Homelessness is an enduring scourge of the veteran community. The U.S. Department of Veterans Affairs estimates that over 200,000 veterans spend at least part of the year living on the street. Lack of a residence addres has exacerbated the unemployment rate among veterans, which is now close to 20 percent. The majority of homeless veterans served in Vietnam, but the number of former soldiers from Iraq and Afghanistan is growing at a steady rate and is now close to 9,000, according to one estimate. Of all homeless veterans, 7,000 are women, a reflection of the growing number of female soldiers.
The V.A. has pledged $500 million to help eliminate homelessness among veterans within five years. It is an ambitious goal at a time when the problems facing returning veterans are quickly multiplying. Veterans of today’s wars are hitting the streets much sooner than their counterparts from the Vietnam War. (It took close to 10 years for observers to recognize the problem among Vietnam vets.) The reasons are wretchedly familiar: addiction and post-traumatic stress disorder wreak havoc in many veterans’ lives. The frequent redeployments of soldiers to Iraq and Afghanistan have also played a large role. Adapting to home life can be daunting when the specter of additional service hangs in the air.
The proposed infusion of government funds will provide much-needed services for all veterans. Yet the nation’s obligation to the troops cannot end there. The decision to wage war must weigh the long-term burden it places on soldiers, both on and off the battlefield. The lessons of Vietnam have yet to be learned. For how long will the veterans of Iraq and Afghanistan walk our streets, like their Vietnam brothers, faceless and ignored?
Rights Prize for Cuban
The European Parliament has again awarded its Sakharov Prize for Freedom of Thought to a Cuban dissident, Guillermo Farinas. He learned of the award in late October and is the third Cuban to receive it. Previous honorees there have been Orlando Zapata Tamayo, who died in prison in February, and the women’s group Damas de Blanco, who protested in 2003 against relatives’ imprisonment. Begun in 1988, the worldwide prize is named after the late Soviet dissident Andrei Sakharov.
A psychologist and journalist, Farinas spent 11 years behind bars, participating in two dozen hunger strikes on behalf of others who, like himself, had been jailed for criticizing the government. He began his final hunger strike in February after the death by starvation of his fellow dissident Mr. Tamayo. But after collapsing in March, Farinas was removed to a hospital, where he accepted intravenous feeding that saved his life. He ended his hunger strike in July, when the Cuban government released dozens of political prisoners. Most fled to Spain. Their release was largely due to three-way talks between Havana’s Cardinal Jaime Ortega, Cuba’s president Raul Castro and the Spanish foreign minister, Miguel Moratinos. On ending his hunger strike, Farinas commented, “I think the situation in Cuba has changed...because the pro-democracy movement has fought for the freedom of political prisoners.” But with some 190 dissidents still in jail, real freedom in Cuba remains an unrealized goal.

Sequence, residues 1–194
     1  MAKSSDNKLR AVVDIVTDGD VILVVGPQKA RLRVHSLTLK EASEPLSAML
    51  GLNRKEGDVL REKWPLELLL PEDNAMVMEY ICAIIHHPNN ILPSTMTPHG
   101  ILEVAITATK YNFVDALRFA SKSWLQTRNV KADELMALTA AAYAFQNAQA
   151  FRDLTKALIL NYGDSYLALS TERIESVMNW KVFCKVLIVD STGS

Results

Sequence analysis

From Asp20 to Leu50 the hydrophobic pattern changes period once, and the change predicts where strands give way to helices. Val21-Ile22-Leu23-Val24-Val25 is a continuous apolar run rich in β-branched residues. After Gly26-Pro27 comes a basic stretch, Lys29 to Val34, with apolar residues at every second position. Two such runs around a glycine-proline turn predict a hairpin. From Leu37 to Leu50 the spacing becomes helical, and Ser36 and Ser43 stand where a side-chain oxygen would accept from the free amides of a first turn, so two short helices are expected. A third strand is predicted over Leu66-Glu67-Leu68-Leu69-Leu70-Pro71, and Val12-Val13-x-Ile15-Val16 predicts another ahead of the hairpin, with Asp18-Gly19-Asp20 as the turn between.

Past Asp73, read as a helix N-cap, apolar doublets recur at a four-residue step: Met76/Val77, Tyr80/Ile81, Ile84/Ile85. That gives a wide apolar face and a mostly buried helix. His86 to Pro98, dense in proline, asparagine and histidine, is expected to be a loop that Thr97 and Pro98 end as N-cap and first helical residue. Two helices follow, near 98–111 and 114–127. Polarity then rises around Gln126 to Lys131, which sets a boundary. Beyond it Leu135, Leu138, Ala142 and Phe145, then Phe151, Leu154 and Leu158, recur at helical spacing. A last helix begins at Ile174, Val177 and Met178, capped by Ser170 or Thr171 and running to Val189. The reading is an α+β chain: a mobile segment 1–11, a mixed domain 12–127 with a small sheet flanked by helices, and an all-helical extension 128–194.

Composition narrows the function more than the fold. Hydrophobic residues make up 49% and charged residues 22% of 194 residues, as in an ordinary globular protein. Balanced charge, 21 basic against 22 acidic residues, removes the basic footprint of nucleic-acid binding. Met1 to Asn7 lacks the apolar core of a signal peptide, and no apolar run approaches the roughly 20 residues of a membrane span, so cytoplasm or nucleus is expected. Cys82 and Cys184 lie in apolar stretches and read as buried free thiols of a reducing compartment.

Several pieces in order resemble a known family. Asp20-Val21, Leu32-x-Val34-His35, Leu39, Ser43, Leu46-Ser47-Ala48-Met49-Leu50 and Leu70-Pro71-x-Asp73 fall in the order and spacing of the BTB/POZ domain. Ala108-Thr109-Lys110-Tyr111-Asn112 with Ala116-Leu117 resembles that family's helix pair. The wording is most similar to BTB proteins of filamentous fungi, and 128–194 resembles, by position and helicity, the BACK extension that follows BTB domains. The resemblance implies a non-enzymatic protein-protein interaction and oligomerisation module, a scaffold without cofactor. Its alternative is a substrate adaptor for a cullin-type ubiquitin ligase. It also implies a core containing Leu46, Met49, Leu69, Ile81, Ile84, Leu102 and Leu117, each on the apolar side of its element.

The oil spilling into the waters of the Gulf Coast because of the Deepwater Horizon explosion was an inescapable presence in the national consciousness last summer. And then, suddenly, it disappeared—from the 24-hour news cycle and, supposedly, from the waters as well. The federal climate czar, Carol Browner, even announced that “the vast majority” of the oil was gone. A closer look at the situation has made it clear that—surprise!—4.9 million barrels of oil (at least) do not just disappear overnight.
Oil continues to wash up along 576 miles of the Gulf Coast. Greenpeace scientists have found oil 3,200 feet below the surface of the Gulf Coast waters, and they believe that the oil also has contaminated sediments from the ocean floor and affected oxygen levels in the water.
As part of its Operation Deep Clean, British Petroleum is digging deep into the sand to extract tar balls; BP must move quickly, but the company also must take a closer look at the long-term effects of its efforts to restore the land and waters.
BP’s next stage of clean-up must be more deliberate and thorough than its earlier efforts. Then the company spread dispersants to break up and sink the oil, despite the fact that these substances contain compounds known to cause cancer, genetic mutations and harm to the growth of embryos. Many Gulf Coast residents are now facing major health issues, including respiratory problems and internal hemorrhaging; and chemicals present in crude oil have even been found in the blood of clean-up workers. The story of the damage caused by the oil is not over. It is just beginning.